I was a midshipman at the Naval Academy when we really started getting into that whole internet thing. I remember how cool it was to use that new fangled electronic mail thing–I spent a lot of time swapping insults and trash talk with a friend from high school who was a cadet at our rival, West Point. People started “meeting” people online and developing friendships…and more.
Personally, I found that a little…weird. I didn’t get how you could fall in love with, or even just be good friends with, someone you’d never met. How could you really know someone without meeting them face to face? One of my Academy classmates started dating someone he’d met online, and they were quite serious before they ever even were in the same state together. I just didn’t see how that could work.
Well, obviously it did, since they’re still happily married 14 years after graduation, with a couple kids. And I’ve seen it work closer to home; it’s how my youngest brother found his wonderful wife. Now, Steve and I met the old-fashioned way (college sweethearts), but I have now learned how a meaningful relationship can be formed across the Internet.
It started with Ravelry. I’d signed up for the great Notebook and database features, but then I found several communities I could connect with. One of the earliest one was the NASCAR group. I was especially thrilled to find this group, because while I share my football obsession with my husband, I haven’t yet converted him to the realization that cars going fast and turning left is awesome. Now I and several fellow NASCAR-loving Ravelers watch the races “together;” we chat online as we watch and knit and it’s almost as good as actually being in the same room together. And I would know–some of us went to Rhinebeck together, and we spent Saturday night watching the race and it was the same feel as when we watch “together” online.
The other group I find myself spending most of my time with formed around my favorite indie dyer, Three Irish Girls. Originally, it was just great to have a group I could wax eloquent about a depth of a given colorway with and have them understand (Steve has a hard time just keeping from looking at me like I’ve sprouted a second head). Now, we have a blast chatting about anything and everything under the sun.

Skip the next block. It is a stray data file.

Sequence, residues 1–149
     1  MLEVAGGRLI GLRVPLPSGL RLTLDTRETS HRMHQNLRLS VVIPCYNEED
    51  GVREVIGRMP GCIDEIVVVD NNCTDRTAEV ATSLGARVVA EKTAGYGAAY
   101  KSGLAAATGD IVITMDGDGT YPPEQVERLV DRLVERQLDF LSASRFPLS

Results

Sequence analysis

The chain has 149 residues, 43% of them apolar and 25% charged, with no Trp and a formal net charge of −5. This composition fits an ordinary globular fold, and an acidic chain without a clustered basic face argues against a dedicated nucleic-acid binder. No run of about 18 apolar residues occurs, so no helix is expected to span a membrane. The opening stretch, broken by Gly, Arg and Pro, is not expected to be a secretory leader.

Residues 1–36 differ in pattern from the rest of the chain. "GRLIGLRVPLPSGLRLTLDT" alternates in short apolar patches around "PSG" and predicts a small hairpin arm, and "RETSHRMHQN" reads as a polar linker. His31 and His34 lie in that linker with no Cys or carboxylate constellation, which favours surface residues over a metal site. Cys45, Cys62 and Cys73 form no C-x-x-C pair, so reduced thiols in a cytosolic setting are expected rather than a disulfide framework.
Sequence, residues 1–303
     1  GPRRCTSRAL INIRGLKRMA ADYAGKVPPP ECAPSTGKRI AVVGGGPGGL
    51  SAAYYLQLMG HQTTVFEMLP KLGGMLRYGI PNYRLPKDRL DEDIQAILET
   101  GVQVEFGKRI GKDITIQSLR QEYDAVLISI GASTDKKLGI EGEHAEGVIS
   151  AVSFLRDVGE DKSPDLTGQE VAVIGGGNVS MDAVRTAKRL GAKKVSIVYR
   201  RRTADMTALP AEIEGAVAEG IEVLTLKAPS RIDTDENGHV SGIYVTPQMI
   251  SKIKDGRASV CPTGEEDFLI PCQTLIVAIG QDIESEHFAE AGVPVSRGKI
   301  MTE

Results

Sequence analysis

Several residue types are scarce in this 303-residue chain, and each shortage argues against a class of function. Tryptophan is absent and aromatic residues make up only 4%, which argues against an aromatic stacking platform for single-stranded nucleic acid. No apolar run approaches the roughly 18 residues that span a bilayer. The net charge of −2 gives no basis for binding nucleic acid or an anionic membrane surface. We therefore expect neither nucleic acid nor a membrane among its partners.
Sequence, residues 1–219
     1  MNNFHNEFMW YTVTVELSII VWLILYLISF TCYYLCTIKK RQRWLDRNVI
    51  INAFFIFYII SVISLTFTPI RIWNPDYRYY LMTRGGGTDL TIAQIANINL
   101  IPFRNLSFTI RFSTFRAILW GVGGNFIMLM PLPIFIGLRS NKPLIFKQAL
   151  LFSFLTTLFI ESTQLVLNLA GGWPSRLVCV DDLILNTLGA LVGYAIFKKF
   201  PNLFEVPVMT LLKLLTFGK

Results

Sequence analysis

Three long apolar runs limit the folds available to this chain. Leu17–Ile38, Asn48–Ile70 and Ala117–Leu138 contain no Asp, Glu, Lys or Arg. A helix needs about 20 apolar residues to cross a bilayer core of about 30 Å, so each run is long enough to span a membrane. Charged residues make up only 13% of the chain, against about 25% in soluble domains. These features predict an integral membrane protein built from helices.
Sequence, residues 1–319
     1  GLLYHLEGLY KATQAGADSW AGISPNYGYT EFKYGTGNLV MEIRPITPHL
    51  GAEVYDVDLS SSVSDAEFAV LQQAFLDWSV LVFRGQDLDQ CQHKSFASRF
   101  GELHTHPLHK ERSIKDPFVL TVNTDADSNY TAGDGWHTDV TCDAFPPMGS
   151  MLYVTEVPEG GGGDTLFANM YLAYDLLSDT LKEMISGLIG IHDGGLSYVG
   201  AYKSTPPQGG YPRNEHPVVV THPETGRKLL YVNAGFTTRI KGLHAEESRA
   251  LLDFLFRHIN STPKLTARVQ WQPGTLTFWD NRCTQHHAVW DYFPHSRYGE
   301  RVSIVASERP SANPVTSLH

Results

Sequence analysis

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On Friday, I had my thyroid removed. In the days beforehand, I received so many well-wishes from online friends that it was almost overwhelming (in a good way!). I was placed on church prayer lists around the country. I even had to make arrangements so my friends could keep track of how I was doing; Steve would tweet updates to my account, and my good friend Jean would copy the information over to both the NASCAR and the Three Irish Girls groups.
A few days before my surgery I found an envelope addressed to me from an address I didn’t recognize. I opened it up and was stunned to find a gift certificate for maid services. Several of my friends from Three Irish Girls had banded together and decided that since they lived too far away to drop by and help out while I was recuperating, that they’d help me out this way by taking this concern off my shoulders. Steve walked into the kitchen to find me in tears holding the gift certificate; I had to give him the card to read because I couldn’t speak.
Then, when I got home yesterday, Steve handed me a large package. I opened it to find a beautiful hand crocheted and knit afghan done in my favorite cool jewel colors. Usually my NASCAR friends spend their time working on afghans for the Victory Junction Gang Camp, but they’d taken some time off to make one for me as the best way to wrap me in a long distance hug. I’m curled under it right now, as a matter of fact.
Most of these people I’ve never had a chance to meet in person, but Steve summed them up the best when he said simply, “You’ve got some really great friends.”
Yep. The best friends I’ve never met.
Author’s disclaimer: the preceding post was penned under the influence of percocet, so I make no claims to eloquence!